How to reduce a fever in babies
A fever is a common sign of illness, but it's not always a bad thing. In fact, a fever is usually a normal response of a child's immune system to a virus or bacterial infection.
Most healthy children can tolerate a fever well, and it lasts about 3 to 5 days under normal circumstances.
The most common cause of fevers in babies is a viral infection. In some cases, teething can cause a slight increase in body temperature. In younger babies, a fever could be a sign of a serious infection.
When you see your baby's temperature rise, it can be a great concern for you. You may be in a dilemma whether to call the doctor or get emergency medical care. The guidelines below may be helpful.
Baby fever guidelines as per the American academy of pediatrics (aap):
Newborns up to 3 months of age: anything higher than 100.4 degrees (38 degrees celsius) is a matter of concern.
Infants between 3 and 6 months of age: a fever higher than 101 degrees (38.3 degrees celsius) should be checked by your pediatrician.
Babies age 6 months or older: a temperature over 103 degrees (39.4 degrees celsius) needs an immediate consultation with a doctor.
If your baby shows other signs or symptoms of illness, such as a cold, cough, vomiting or diarrhea, consult your doctor. Moreover, as a parent, always trust your instincts. If you think you should contact the doctor, go ahead.
In any situation, in addition to your doctor's prescribed medication, you can follow a few tips to help manage or reduce your baby's fever.
Here are the top 10 ways to reduce a fever in babies.
1. Cold compresses
As soon as your baby develops a fever, the first thing to do is put a cool, wet washcloth on your baby's forehead. As the water from the wet washcloth evaporates from the skin, it will draw the fever out and the temperature will come down quickly.
Put some cool tap water in a bowl.
Soak a clean washcloth in the water.
Wring out the excessive water, then place the wet cloth on the baby's forehead.
Once the cloth warms, remove it and repeat again.
Do this until the fever has gone.
You can also use the damp washcloth to sponge areas like your baby's armpits, feet, hands and groin to reduce the temperature.
Note: never use very cold or ice water, as it may cause the internal body temperature to increase.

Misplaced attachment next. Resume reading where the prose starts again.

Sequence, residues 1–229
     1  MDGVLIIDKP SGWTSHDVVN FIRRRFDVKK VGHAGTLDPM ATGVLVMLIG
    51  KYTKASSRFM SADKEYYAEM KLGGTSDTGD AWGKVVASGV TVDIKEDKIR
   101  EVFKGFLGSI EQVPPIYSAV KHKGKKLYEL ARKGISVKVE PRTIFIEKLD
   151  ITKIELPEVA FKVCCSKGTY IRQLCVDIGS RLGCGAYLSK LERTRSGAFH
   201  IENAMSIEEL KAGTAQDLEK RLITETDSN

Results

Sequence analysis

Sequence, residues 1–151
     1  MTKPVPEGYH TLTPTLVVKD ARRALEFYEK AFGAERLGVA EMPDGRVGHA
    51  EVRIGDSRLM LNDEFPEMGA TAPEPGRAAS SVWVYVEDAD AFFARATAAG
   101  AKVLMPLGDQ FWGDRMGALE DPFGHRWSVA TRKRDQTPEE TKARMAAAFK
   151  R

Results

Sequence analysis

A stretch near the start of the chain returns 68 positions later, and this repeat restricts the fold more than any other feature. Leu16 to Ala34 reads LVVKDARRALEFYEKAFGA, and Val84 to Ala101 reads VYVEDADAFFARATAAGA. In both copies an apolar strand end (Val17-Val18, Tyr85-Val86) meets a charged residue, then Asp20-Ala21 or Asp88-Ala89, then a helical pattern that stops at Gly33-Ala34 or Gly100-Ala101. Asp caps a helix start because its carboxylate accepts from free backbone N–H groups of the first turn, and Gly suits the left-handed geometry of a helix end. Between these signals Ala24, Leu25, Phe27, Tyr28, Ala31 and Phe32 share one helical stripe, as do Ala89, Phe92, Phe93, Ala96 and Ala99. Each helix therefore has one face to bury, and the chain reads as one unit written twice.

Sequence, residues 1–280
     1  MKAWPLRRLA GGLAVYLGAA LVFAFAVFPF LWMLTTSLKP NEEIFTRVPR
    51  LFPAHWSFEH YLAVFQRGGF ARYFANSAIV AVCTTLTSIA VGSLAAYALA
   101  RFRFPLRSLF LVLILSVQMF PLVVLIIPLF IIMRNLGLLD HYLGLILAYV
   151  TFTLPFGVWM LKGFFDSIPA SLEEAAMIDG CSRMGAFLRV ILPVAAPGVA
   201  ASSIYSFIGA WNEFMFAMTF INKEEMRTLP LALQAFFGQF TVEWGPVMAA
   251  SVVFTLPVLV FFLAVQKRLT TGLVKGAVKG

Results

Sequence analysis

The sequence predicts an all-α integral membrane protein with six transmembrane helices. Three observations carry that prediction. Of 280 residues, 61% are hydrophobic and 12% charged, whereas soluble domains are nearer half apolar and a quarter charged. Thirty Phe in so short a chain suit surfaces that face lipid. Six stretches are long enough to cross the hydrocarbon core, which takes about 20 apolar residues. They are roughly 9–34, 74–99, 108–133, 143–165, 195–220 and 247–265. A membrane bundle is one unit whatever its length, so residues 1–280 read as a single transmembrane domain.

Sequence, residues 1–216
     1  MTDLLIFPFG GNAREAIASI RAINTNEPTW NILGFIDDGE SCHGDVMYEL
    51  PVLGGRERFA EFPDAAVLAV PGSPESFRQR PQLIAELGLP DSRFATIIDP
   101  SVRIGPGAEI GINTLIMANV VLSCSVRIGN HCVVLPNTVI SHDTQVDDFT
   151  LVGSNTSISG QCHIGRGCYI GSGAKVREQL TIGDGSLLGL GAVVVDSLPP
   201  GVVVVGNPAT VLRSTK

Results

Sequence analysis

2. Lukewarm bath
A lukewarm bath will help relax a fussy baby and help regulate the body temperature. It will even help your baby sleep better, which is needed for faster recovery.
For babies younger than 6 months, give a lukewarm sponge bath 2 or 3 times a day.
For babies, 6 months or older, give them a regular bath in lukewarm water a few times a day.
After each bath, dress your baby immediately.
Note: never use very hot or cold water, as it may cause the internal body temperature to rise.
3. Breast milk
For babies younger than 6 months old who have a fever, breast milk is very important. It offers a unique balance of nutrients that strengthens a baby's weak immune system and is tailored to fight a baby's illness.
Breast milk is quickly and easily digested. It will even keep a sick baby properly hydrated, which is essential for faster recovery.
Try to breastfeed your young baby frequently. If your baby refuses to nurse while experiencing a fever, try different nursing positions. You can keep the baby upright while breastfeeding to make your baby more comfortable during feeding sessions.
If your baby regularly refuses to nurse, pump out the breast milk and feed it to your baby using a spoon or bottle.
4. Give more fluids
For sick babies, it is important to increase fluid intake. Fluid will help cool them down and replace the fluid lost through sweating to prevent dehydration.
Dehydration may lead to various other complications and delay recovery.
Due to having a fever, babies may refuse large amounts of fluid at a time. So, try to give them smaller amounts more often.
Give oral rehydration solutions (either homemade or readily available in the market) along with lukewarm water to small babies younger than 6 months old to help replenish fluids and electrolytes.
Along with water and oral rehydration solutions, cold milk, ice pops, fruit juice and chilled yogurt can be given to babies 6 months or older.
5. Keep your baby in a cool place
When taking care of a sick baby, it's important to keep a close eye on the room temperature. It should not be too hot or too cold. Keep your baby's room at a comfortable temperature between 70 and 74 degrees (21.1 to 23.3-degree c).
If using a fan, keep it on a low setting. However, make sure your baby is not sleeping directly under the fan.
If using an air conditioner, keep the temperature at a comfortable level. Make sure your baby doesn't shiver and raise his or her temperature.
Also, avoid using the room heater nonstop, as it can make your baby overheated.